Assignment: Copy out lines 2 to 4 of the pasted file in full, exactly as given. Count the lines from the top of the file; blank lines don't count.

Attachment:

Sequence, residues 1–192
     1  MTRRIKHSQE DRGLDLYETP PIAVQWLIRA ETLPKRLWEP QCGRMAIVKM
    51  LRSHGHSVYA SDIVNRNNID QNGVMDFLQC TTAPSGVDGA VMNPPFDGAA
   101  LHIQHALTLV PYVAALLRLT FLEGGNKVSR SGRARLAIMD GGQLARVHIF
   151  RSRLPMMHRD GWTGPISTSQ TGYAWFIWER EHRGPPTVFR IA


     1  MTRRIKHSQE DRGLDLYETP PIAVQWLIRA ETLPKRLWEP QCGRMAIVKM
    51  LRSHGHSVYA SDIVNRNNID QNGVMDFLQC TTAPSGVDGA VMNPPFDGAA
   101  LHIQHALTLV PYVAALLRLT FLEGGNKVSR SGRARLAIMD GGQLARVHIF